The Afterlives of Books

What happens to books no one wants to read anymore?

By Lapham’s Quarterly

Wednesday, July 29, 2020

  • A mummy mask made of painted cartonnage. The mask shows a painted face wearing a decorated headdress.

    Mummy masks

    After first wrapping the dead in strips of linen, some ancient Egyptians in the Ptolemaic and early Roman periods covered mummies in cartonnage, a papier-mâché-like substance made of old papyrus—scraps of writing that were no longer needed—or linen and covered in plaster. Cartonnage was also used to make masks painted with idealized likenesses of the deceased. By examining the papyri preserved in cartonnage masks and coverings, scholars now know that Egyptians used papyrus to write shopping lists, land surveys, tax bills, and notes. Cartonnage papyri are one of the most important sources of information about the lives of average Egyptians.

  • A Georgian palimpsest where the old writing is visible behind the new writing.


    Because parchment was expensive and time-consuming to produce (a Bible on parchment used the skins of approximately two hundred sheep), the pages from unwanted, unused, or even banned books were often washed of their words and reinscribed. These double-inscribed pages, called palimpsests, can sometimes give us access to books that would otherwise have been lost. If the recycler did a good job of cleaning the parchment, deciphering the undertext can be difficult, requiring the help of multispectral imaging technology. A tenth-century manuscript from Egypt housed in the British Library is a rare double palimpsest: both its undertexts are in Latin, a seventh-century grammar and the fifth-century fragments of a second-century history.

  • A book bound in parchment

    Book bindings

    Vellum and parchment were common bookbinding material in the early modern period. The vellum—often undecorated and used for everyday or common books—could cover boards or be used on its own. Because vellum was expensive, recycled vellum from unwanted manuscripts, called manuscript waste, was often used in bookbinding. Some important manuscript fragments survive only because they were repurposed as bindings. In 1984 the Folger Shakespeare Library’s head of conservation discovered the oldest extant manuscript from England—a seventh-century ecclesiastical history—in the binding of two sixteenth-century medical texts. When printing began to outstrip manuscript production, damaged, defective, or leftover printed material (printed waste) also found their way into bookbindings.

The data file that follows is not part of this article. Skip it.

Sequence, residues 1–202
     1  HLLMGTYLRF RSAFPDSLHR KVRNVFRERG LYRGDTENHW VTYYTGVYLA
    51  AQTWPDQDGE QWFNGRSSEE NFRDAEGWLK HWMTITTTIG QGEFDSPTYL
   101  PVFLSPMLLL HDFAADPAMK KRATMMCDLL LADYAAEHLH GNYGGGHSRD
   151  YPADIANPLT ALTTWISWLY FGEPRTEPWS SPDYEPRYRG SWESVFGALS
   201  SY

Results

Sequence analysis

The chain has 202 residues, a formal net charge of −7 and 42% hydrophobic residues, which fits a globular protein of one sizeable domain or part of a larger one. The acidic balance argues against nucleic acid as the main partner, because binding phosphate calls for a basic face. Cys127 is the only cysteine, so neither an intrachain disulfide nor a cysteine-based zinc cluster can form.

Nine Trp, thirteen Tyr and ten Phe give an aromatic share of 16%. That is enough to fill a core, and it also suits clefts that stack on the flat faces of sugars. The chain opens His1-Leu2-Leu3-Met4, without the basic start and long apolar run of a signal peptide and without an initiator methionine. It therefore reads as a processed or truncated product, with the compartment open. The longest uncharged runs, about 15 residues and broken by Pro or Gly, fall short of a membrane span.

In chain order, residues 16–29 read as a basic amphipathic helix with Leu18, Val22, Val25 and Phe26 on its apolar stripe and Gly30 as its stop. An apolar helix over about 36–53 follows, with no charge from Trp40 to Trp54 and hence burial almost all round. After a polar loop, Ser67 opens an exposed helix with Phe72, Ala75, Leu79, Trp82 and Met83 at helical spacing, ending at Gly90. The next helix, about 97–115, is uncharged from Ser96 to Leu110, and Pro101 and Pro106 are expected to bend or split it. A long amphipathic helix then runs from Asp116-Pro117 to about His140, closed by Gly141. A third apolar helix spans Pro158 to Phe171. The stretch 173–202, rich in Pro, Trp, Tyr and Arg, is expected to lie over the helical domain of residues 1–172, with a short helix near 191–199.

• A drawing of Justus Claproth

    “Brown” paper goods

    Rag paper, made of recycled textiles, overtook parchment as the preferred substance for books in the fifteenth century. Up through the nineteenth century households collected rags to sell or trade to a rag peddler. When rag-paper books were themselves pulped, the resulting pulp, adulterated by the book’s ink, was used for brown paperboard or packing paper, rather than the white rag paper used for printing and writing. In the 1770s a German jurist named Justus Claproth experimented with washing printer’s ink out of recycled rag-paper pulp so that the pulp could be used for new books, but de-inking would not be widely adopted until wood-pulp paper came to dominate book manufacturing.

  • A roll of toilet paper

    Toilet paper, insulation, new books

    Once books were made from wood pulp, rather than rags or skins, and an industrial process for de-inking was invented, it became possible to turn unwanted books back into pulp; that de-inked pulp could in turn produce more books or other paper goods. When raw materials became scarce during World War I, the U.S. government set up the Waste Reclamation Service, which sent remaindered books to recycling plants to be pulped. As of 2012 13 percent of pulp in books was recycled from old books or other paper goods. Book pulp is routinely recycled into toilet paper, paper towels, tissues, animal bedding, and insulation.


Lapham’s Quarterly is running a series on the history of best sellers, exploring the circumstances that might inspire thousands to gravitate toward the same book and revisiting well-loved works from the past that, due to a variety of circumstances, vanished from the conversation after they peaked on the charts. We are also publishing a digital edition of one of these forgotten best sellers, Mary Augusta Ward’s 1903 novel Lady Rose’s Daughter, with a new introduction, annotations, and an appendix. To read more about the project and explore the other entries in the series, click here.